Henri Terho: Art helps in trusting humankind

Henri Terho thinks art and science foster our belief in how skilful we can be, as long as we are given the chance.

A massive, moving flower installation fills up Kiasma’s top floor.

“How wonderful!” exclaims Henri Terho, Arts Promotion Centre Finland’s specialist, admiring the piece from a distance. Terho is an example of someone for whom art is not only a job, but also a way of life: art is present in Terho’s life daily, and sometimes it is hard to tell whether it counts as work or leisure. Terho works as a specialist at the Arts Promotion Centre Finland and is involved in making decisions over art grants, for example.

Terho’s endless enthusiasm for art also brought him onto the Advisory Board of the Saari Residence in 2015.

“The Saari Residence is a fine example of a community that operates according to the terms of art, where artists don’t have to justify their work to anyone. The starting point is that art is important and interesting,” he remarks.

An opportunity to immerse oneself

Terho admits that nowadays it is more rare to have the opportunity of focusing solely on creative work than before.

“It is undeniable that you have to continuously justify doing art more. The traditional thought that art in itself is important is not part of the mainstream of art at the moment,” he laments.

It is important for artists and researchers to get the chance to quieten down, since the opportunity to relax allows thoughts to flow. Terho gets his best ideas when he is jogging along the Aura riverbank.

“First comes that certain emptiness, and then the ideas start to bubble up,” he explains.

Terho believes that the collaboration between art and science made possible by the Saari Residence is fruitful. Artists and researchers are connected by their tendency to passionately immerse themselves in their work.

“Although the methods are different, the tools are different and the approaches are different, immersing oneself in the task is shared. Passion fosters passion,” he contemplates.

Terho also speaks from his own experience, since he ended up in the art world as a researcher. The leap from being a popular music researcher to becoming a prominent figure in the art world was natural, since he already made connections to the world of culture during his time as a student.

Do it differently!

Does art have intrinsic value? “Absolutely!” Terho answers. “The central part of art, however, is that you do things differently, experiment, seek. Art cannot be something where the result is known beforehand, rather it has to be a link to the unknown,” he reflects.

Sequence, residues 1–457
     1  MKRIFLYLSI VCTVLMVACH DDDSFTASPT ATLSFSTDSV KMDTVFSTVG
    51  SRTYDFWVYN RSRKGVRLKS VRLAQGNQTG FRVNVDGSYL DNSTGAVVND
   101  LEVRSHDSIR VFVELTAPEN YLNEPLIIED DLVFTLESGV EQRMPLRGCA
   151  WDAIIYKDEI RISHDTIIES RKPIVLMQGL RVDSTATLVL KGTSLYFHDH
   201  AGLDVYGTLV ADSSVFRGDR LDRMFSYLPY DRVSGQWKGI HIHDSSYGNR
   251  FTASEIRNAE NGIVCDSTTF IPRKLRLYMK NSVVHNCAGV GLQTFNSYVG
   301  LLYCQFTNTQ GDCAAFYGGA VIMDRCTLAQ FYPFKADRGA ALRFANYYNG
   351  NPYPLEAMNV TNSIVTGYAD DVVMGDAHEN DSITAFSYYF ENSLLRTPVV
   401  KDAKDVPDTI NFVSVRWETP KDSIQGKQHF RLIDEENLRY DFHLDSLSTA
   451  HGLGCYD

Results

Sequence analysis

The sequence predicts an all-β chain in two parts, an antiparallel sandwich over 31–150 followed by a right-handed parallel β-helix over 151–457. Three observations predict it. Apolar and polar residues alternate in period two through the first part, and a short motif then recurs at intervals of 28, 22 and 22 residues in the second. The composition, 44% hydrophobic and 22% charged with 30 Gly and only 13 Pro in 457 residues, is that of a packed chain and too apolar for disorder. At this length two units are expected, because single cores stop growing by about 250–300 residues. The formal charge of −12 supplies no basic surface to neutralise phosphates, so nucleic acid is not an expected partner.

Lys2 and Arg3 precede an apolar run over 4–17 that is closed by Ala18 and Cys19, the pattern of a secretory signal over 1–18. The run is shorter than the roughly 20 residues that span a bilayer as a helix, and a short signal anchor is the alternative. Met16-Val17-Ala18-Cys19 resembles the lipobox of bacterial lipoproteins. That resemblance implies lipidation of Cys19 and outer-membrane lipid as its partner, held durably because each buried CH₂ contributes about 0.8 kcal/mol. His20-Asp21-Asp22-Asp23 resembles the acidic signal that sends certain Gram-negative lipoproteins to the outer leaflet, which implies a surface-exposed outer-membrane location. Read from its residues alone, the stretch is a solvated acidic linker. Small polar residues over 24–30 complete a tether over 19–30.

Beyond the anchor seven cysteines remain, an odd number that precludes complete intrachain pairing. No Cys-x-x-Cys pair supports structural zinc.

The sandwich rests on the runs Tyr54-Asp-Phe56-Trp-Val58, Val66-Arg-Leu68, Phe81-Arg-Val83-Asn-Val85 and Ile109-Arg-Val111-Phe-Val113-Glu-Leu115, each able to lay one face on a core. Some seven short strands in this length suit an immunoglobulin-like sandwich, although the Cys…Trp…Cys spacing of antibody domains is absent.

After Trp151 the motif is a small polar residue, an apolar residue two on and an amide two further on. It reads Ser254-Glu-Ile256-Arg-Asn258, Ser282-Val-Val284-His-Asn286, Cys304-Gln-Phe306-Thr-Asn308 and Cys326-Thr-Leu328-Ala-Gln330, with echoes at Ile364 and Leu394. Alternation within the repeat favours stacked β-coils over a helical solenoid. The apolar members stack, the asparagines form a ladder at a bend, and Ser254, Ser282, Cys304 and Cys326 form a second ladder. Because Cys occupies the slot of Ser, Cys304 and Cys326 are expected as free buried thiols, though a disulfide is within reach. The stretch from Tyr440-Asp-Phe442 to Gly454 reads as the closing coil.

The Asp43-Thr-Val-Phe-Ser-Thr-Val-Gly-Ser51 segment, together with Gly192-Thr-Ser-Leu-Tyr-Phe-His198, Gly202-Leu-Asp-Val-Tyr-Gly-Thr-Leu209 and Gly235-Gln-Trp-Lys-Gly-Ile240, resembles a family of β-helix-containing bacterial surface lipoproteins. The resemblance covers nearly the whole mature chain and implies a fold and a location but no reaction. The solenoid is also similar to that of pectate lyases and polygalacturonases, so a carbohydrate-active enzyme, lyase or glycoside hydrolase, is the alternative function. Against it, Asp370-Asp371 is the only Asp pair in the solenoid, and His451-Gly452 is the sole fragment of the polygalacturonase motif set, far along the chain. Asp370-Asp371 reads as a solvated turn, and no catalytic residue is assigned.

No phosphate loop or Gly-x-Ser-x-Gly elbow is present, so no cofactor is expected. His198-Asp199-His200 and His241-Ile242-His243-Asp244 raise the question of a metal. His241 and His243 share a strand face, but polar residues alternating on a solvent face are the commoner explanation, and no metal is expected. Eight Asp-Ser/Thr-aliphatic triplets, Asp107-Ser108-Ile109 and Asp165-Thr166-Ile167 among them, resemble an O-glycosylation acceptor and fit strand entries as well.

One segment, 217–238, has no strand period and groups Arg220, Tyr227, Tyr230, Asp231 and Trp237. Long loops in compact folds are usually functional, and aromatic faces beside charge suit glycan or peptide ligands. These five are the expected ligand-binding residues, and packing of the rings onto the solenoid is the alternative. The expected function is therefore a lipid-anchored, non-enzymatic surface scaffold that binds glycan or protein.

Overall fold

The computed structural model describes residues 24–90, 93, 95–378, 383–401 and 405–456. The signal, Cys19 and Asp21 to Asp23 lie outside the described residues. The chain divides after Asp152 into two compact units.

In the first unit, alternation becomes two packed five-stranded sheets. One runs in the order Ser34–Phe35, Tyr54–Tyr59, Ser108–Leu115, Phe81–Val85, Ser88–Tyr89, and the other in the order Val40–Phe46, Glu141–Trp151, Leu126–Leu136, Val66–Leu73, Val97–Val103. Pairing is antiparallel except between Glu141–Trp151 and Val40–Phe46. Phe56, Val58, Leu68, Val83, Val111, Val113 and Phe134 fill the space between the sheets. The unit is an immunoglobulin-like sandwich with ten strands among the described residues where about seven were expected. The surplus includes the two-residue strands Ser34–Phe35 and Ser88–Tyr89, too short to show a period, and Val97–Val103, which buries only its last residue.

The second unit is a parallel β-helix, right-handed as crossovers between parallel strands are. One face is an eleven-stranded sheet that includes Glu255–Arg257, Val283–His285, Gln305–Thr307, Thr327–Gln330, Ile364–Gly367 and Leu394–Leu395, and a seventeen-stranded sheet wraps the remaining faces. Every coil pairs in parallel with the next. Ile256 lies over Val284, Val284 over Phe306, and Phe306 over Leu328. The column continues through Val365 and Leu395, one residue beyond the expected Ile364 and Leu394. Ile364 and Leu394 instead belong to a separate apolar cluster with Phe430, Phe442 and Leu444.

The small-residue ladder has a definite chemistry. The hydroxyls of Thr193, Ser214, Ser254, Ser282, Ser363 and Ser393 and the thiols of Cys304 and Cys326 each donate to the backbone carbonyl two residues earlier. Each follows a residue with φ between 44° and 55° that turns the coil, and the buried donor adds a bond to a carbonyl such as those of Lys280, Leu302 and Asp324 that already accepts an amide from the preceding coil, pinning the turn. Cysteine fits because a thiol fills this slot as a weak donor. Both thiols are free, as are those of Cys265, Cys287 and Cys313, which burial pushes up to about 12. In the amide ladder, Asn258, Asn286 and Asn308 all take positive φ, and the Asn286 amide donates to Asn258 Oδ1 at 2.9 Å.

His smile does not fade, but talking about the instrumental value of art makes Terho annoyed. What concerns him most is how art is moving exclusively to large centres, particularly in Helsinki. Growing regional inequalities threaten to remove the opportunities for everyday encounters with the art world from those who live further away.

“Where we are currently sitting,” Terho says and gestures around him, “art is equally accessible to all. If our Finland changes into a place where in order to meet an artist, one must go to centres of growth, then we have tragically lost something.” And sure enough, Kiasma art museum’s café is full of people, even on a summery Tuesday morning. Here, you can feel the presence of art in a completely different way.

A chance to test your limits

For many, the art world seems like an elite institution. In order to be enjoyed, art should be understood. In Terho’s opinion, the most important thing is not to understand complex discourse about art. Instead one has to experience art; otherwise it may remain strange and distant.

“It is completely absurd that you should somehow try to understand art by someone else fully mulling it over first, and then having to understand a processed story!” he sighs.

Terho becomes visibly excited about the fact that art has come out of museums and onto the streets in the form of light art, for example. It gives rise to new kinds of encounters and also reaches those who do not seek out art for themselves. “It is no longer presumed that you can only see art in museums. Every experience has the chance of being the catalyst for a person to become interested in art,” he believes.

Henri Terho thinks that each one of us should get to sufficiently test our limits. In his opinion, those who do art and science are the pioneers in doing just that.

“Thanks to art and science, we constantly have people around us who generate belief in how skilful humankind can be. You just have to provide the opportunity for it. Art maintains the trust in humankind.”

Encounters arise when… you genuinely become interested in another person.

Encounters do not arise when… haste becomes an intrinsic value.

The most significant encounters of my life… have occurred by chance.


Henri Terho, 47, is a specialist at the Arts Promotion Centre Finland and a member of the Saari Residence’s Advisory Board since 2015.

He lives in Turku with his wife and two children.

In his spare time he goes running along the Aura riverbank and referees football games.